Fiction, Maranatha (novel excerpts)

Maranatha: Chapter 3.

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– Chapter 3 –

The random “chastity checks”—a concept that, even now, sounded alien and nefarious to Maranatha whenever she tried to explain it—began during her junior year. It was February and things were already at an all-time weird by then.

Back in October, Jacob Rich, who’d sat behind her two years ago in French, had been held after school in a private detention for a full week, just before Thanksgiving break. No one had ever been pre-assigned a week’s detention. Usually, when you were written up for disobedience in class, the penance for most infractions a simple hour or two of eraser-clapping and bible verse memorization.

Jake had found a letter from Principal Harris in his locker. No one knew exactly what it said—Joe never told—but everybody around him in the hall noticed the way his olive skin flushed as he read. And after he finished, he shoved the leaf of school letterhead between his jacket and backpack, slammed the locker door, and fled to the nearest bathroom.

Maranatha had always liked Jake, with his soft voice and fluttery fingers. She liked how easily he blushed and how he seemed to always be near to help her scoop up her books when someone deliberately bumped her hard enough to knock them out of her hands. His long eyelashes reminded her of perching butterflies. A tiny mole inked his right cheek, like a drawn-in beauty mark.

She couldn’t imagine him doing anything that would warrant a week’s detention.

After Jake got the letter, Maranatha noticed a few immediate changes. He stopped wearing the sweater vests he’d favored, in lavender and sea foam and peach, and took to sporting blacks and greys and Rockport boots. His full loose curls had been cropped much closer. Stubble sprouted on his usually clean-shaven face. And within a month of his detention, he’d asked some freshmen to be his girlfriend.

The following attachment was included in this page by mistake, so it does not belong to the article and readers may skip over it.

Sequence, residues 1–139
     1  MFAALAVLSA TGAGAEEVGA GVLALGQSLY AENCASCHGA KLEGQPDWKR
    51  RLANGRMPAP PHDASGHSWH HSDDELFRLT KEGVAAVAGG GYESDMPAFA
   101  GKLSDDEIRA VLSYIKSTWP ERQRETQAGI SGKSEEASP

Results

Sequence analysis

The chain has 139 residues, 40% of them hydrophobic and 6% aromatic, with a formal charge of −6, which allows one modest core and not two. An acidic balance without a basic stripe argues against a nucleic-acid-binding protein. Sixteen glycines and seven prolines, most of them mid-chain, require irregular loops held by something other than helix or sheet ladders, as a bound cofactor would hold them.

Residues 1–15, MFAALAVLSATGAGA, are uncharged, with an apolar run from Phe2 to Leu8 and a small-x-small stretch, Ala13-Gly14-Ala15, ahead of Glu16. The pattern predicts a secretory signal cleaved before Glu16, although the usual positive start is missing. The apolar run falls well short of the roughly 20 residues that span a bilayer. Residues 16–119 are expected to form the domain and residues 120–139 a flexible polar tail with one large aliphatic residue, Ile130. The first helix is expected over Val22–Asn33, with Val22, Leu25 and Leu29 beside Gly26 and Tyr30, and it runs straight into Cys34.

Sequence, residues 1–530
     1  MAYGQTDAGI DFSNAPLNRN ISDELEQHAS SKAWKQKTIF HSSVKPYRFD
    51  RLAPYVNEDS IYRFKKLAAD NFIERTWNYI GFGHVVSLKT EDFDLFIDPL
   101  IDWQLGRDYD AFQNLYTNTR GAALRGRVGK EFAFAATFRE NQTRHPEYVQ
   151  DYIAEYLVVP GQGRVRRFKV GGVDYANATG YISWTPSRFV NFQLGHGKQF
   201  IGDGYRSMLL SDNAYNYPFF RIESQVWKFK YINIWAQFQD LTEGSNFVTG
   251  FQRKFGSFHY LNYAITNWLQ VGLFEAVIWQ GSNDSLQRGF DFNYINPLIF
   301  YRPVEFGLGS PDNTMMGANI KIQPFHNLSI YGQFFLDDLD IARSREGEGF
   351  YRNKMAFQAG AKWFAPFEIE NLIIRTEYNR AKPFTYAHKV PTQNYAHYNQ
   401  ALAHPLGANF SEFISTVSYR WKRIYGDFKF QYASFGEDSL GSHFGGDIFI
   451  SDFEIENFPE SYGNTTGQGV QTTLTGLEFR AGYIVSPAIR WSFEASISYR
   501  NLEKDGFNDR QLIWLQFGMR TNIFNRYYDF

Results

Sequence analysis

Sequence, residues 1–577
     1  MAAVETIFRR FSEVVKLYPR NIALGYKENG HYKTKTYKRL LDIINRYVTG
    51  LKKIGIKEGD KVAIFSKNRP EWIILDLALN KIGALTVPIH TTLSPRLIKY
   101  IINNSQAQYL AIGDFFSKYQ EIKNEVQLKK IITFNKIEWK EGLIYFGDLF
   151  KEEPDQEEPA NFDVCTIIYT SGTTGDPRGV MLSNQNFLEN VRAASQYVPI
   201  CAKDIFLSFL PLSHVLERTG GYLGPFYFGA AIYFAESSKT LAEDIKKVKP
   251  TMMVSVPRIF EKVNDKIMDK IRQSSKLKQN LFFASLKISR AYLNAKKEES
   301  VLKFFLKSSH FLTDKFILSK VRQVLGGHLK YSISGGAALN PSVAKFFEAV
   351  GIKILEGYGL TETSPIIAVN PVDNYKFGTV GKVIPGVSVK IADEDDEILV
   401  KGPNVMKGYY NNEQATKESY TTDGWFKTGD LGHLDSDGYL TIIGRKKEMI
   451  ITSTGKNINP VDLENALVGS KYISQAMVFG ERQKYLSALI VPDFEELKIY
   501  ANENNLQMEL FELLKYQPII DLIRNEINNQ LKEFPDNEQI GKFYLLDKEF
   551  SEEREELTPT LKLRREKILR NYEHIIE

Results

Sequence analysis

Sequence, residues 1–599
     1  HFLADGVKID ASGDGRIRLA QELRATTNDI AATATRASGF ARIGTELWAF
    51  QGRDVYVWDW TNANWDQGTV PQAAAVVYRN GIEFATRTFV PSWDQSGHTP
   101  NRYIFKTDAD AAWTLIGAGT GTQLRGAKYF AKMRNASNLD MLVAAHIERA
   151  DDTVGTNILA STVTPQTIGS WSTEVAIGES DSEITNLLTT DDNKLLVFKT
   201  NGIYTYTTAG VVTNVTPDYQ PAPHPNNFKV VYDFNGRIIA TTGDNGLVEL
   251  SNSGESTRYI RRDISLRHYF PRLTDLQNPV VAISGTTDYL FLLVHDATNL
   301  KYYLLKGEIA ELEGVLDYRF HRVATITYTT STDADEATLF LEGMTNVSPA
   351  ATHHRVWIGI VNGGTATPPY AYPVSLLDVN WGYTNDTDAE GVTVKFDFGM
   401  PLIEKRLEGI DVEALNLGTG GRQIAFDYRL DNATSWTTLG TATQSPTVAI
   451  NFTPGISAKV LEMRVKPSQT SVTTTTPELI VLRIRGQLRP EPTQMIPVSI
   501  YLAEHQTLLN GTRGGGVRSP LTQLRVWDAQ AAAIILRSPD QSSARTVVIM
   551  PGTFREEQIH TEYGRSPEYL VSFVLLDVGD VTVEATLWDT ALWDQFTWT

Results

Maranatha was perplexed, almost enough to risk public humiliation by asking Demetria if she’d heard anything. But  answers came soon enough. During the basketball unit of gym, she overheard the girls who’d faked periods gossiping about Jake on the bleachers.

“… but I thought he was gay.”

“He was, but Principal Harris and some other teachers and church elders prayed it off him.”

“Why would that take five days, though?”

“I heard it was seven—the number of completion.”

“He must’ve had a whole lotta spirits on him.”

“’Legion, for we are many….’”

The basketball walloped Maranatha’s bicep. She stumbled and the group of girls swiveled at the thud. Hurriedly scooping up the ball, she kept her head down and shuffled back to the fold of players.

That night, Maranatha didn’t sleep. Her mind was too busy conjuring images of Jake, surrounded by crusty old faculty insistent on loosing him of the gaggle of green gargoyles clinging to his argyle sweater vest. She asked herself where in the building would their teachers have most likely staged a seven-day exorcism, and after careful deliberation, she decided it’d all gone down in the band room where, when the demons trembled at the name of Jesus, all the cymbals on the drum sets would clatter.

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